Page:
Intra-day trading systems attract a lot of attention. Many traders believe that trading can only be done properly or profitably on lower time frames by trading short-term.
One of the disadvantages of short-term trading is that it requires time and focus, which is why not everyone can trade in this way.
In my view, the good news is that long-term trading offers an interesting alternative that is suitable for a wider group of traders, even if you are having a full-time job or other part-time or full-time commitments.
This article tackles some of the ideas and myths that surround long-term trading and explains how most can benefit from analysing higher time frame charts.
Is It Possible to Trade with Long-Term Charts?
Many traders believe that daily, weekly, and monthly charts are only valuable for conducting analysis. These time frames are used as directional charts for spotting momentum and trends, but not for potential entries and exits.
These higher time frame charts, however, can also be used for trading purposes. For instance, candlestick patterns on a daily chart are probably more useful than candle patterns on lower time frames.
In my experience, trends and chart patterns also tend to behave less erratic on higher time frames. Plus, spotting wave patterns and understanding the larger market structure are also easier in my view.
Is There Less Price Movement on Higher Time Frames?
This is indeed true: lower time frames show more volatility because the price moves up and down during any given trading day. The daily average true range for fast-moving currency pairs or financial instruments could be hundreds of pips in some cases.
Of course, traders will not be able to capitalise on these smaller swings as much on daily, weekly, or monthly charts, but there is a positive side connected to it. Lower time frames are more difficult and require more experience to trade exactly because price moves quicker up and down.
Even if your goal is to become an intra-day trader or scalper (very short-term trading), it typically never hurts to start off with higher time frames first to understand all the dynamics of trading from technical analysis to trading psychology.
Do Long-Term Charts Offer Fewer Setups?
Yes, there are typically less trade setups available on higher time frames than lower time frames. The good news is that higher time frames often provide less false breakouts and offer sturdy price action and trends.
The long-term setups also tend to develop slower and more deliberately. This is in fact another advantage for higher time frames because it creates less stress and fear when trading. Traders can take their time to carefully evaluate all of the angles and plan their next step with care.
Isn’t Investing Better Than Long-Term Trading?
First of all, each person needs to decide how to allocate their own assets and funds. If in doubt, talking to financial experts could be a good first step when constructing a portfolio.
I do want to mention, without going into every single pro and con, that there are important advantages of long-term trading when compared to buy-and-hold strategies.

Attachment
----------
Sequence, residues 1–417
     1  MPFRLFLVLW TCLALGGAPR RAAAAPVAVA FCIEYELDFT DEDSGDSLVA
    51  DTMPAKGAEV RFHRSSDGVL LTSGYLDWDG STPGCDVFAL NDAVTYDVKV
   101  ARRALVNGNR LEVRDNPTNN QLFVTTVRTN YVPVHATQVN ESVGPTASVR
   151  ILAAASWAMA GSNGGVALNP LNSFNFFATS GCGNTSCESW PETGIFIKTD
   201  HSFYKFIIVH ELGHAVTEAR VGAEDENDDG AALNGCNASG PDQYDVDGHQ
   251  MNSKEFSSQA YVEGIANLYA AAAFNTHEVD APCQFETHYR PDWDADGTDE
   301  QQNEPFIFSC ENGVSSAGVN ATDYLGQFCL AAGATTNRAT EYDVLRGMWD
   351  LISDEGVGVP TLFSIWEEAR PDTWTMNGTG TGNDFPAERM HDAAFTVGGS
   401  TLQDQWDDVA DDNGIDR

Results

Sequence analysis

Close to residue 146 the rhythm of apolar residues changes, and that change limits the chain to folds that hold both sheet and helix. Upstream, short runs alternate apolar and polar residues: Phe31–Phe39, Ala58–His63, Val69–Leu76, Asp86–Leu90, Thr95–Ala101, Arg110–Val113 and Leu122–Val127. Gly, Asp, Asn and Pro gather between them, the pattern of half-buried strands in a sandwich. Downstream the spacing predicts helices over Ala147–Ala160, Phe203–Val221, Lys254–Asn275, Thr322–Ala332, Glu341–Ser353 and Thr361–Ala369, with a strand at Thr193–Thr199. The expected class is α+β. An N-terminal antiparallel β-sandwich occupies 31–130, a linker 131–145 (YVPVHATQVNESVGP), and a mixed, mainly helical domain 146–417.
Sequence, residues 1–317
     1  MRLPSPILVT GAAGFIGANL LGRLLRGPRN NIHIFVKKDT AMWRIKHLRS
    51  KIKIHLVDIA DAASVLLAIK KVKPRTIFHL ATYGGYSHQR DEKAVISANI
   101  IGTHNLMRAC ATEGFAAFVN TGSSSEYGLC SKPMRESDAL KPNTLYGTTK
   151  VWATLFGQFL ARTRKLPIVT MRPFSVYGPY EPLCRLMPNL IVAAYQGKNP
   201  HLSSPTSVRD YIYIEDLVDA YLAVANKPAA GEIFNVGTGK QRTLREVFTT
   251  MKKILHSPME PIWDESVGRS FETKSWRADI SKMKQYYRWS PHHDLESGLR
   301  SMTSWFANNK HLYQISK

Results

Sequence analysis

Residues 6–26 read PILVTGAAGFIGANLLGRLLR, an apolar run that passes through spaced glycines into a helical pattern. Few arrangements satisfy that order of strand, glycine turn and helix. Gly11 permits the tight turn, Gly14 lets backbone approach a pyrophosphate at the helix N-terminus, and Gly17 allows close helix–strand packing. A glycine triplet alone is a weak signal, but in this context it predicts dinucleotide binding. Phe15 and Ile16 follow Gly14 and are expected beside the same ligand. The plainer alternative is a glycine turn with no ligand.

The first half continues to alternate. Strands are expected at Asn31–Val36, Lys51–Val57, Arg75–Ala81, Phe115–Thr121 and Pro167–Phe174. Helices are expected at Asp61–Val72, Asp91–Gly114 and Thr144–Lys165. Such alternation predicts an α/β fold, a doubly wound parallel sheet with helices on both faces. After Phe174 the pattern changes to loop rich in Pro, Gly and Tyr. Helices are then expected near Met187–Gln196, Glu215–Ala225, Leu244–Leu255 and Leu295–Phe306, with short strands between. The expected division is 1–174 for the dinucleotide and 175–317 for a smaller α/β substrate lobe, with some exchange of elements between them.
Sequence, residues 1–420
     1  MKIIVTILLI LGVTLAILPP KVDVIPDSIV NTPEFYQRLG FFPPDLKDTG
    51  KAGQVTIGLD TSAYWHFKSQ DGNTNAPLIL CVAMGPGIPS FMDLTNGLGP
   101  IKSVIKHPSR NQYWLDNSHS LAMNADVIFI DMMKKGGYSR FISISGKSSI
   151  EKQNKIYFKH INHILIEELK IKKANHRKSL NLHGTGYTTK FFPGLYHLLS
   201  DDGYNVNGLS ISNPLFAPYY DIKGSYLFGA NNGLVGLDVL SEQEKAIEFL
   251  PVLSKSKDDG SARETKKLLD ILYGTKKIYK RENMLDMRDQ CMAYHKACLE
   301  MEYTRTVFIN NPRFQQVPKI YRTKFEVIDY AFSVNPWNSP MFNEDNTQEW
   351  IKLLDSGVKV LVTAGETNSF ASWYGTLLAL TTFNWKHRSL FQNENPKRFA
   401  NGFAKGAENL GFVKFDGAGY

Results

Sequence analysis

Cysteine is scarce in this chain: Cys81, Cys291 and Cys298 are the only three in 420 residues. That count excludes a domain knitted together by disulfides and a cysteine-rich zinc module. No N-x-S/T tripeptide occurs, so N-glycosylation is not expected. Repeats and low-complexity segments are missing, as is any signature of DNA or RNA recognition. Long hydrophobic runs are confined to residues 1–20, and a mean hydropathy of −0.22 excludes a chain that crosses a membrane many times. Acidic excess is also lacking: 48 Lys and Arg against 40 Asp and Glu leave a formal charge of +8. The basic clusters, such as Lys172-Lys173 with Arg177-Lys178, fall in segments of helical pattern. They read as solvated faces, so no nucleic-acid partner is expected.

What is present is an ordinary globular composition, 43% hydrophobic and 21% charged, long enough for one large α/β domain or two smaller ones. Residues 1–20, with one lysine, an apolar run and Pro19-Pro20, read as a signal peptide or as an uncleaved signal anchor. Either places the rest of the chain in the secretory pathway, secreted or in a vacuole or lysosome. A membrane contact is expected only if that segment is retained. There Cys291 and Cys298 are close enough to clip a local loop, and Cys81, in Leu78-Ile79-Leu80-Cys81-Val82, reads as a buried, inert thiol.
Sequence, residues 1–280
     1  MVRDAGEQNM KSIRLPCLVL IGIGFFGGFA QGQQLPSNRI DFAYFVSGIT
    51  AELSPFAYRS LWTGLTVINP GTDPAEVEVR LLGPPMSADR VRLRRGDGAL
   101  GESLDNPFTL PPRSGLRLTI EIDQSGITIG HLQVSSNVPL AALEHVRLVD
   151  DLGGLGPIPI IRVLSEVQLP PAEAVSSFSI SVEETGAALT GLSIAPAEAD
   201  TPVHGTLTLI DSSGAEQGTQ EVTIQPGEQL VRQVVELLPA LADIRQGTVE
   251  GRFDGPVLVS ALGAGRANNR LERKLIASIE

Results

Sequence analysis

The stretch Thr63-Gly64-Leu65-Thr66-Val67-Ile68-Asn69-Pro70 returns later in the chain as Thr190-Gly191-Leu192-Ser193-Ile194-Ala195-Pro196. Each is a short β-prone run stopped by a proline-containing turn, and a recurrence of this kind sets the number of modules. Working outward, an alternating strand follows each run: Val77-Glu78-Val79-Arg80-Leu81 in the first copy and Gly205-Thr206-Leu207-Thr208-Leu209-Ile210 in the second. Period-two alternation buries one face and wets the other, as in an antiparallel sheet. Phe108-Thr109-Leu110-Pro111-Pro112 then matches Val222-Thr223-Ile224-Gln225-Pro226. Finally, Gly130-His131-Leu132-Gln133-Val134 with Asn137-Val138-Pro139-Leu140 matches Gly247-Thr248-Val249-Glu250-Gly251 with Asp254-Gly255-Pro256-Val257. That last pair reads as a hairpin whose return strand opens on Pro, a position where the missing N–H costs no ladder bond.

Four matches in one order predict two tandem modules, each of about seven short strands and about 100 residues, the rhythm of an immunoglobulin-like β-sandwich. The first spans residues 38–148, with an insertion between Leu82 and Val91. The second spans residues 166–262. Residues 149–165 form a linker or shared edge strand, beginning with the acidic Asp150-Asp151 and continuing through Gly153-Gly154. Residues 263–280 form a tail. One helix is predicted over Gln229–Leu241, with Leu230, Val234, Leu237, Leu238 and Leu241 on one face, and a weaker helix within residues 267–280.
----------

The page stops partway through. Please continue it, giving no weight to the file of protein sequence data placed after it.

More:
The key benefit is that long-term traders can use charts and technical analysis to time and plan entry and exit points. Their ability to read long-term charts will allow them to spot more precise entries and exits. This in turn should give them a better chance of closing trades in profit within a shorter amount of time.
“What goes up must come down” is a famous saying that refers to objects which return to back earth due to gravity. Financial instruments and assets at times seem to adhere to the same laws of gravity: eventually, the price retraces back lower or, in extreme cases, the asset bubble bursts.
Long-term traders are in my view better prepared for the many ups and downs that prices makes. They should be:
- aware that the price will not move up forever;
- more prepared for any changes in the asset price;
- alert and ready to execute their trading plan;
- aware that letting winners run and cutting losses shorts is critical for trading success;
- ready that (temporary) trends and momentum help out their trades;
- able to benefit from both up and down price movements.
In general, long-term traders often become more adaptable and quicker on their feet. They can capitalise on shorter price movements, which could take place in weeks or months rather than years or decades. This reduces their risk exposure to open and lengthy trades that investors often face.
Is Long-term Trading the Way to Go?
There is no answer that fits everyone. Each trader needs to analyse what is best for their own style and personality.
The main point of the article is that trading is not only possible for short-term traders but for long-term traders as well. This allows people with full-time jobs or other commitments to benefit from trading.
They can monitor their trades by looking at the daily charts and candles at the end of the week or even review the weekly charts and candles at the end of the week. This opens up a door to trading and technical analysis for a lot more people than just intra-day traders.
Wishing you a happy week of trading, Chris Svorcik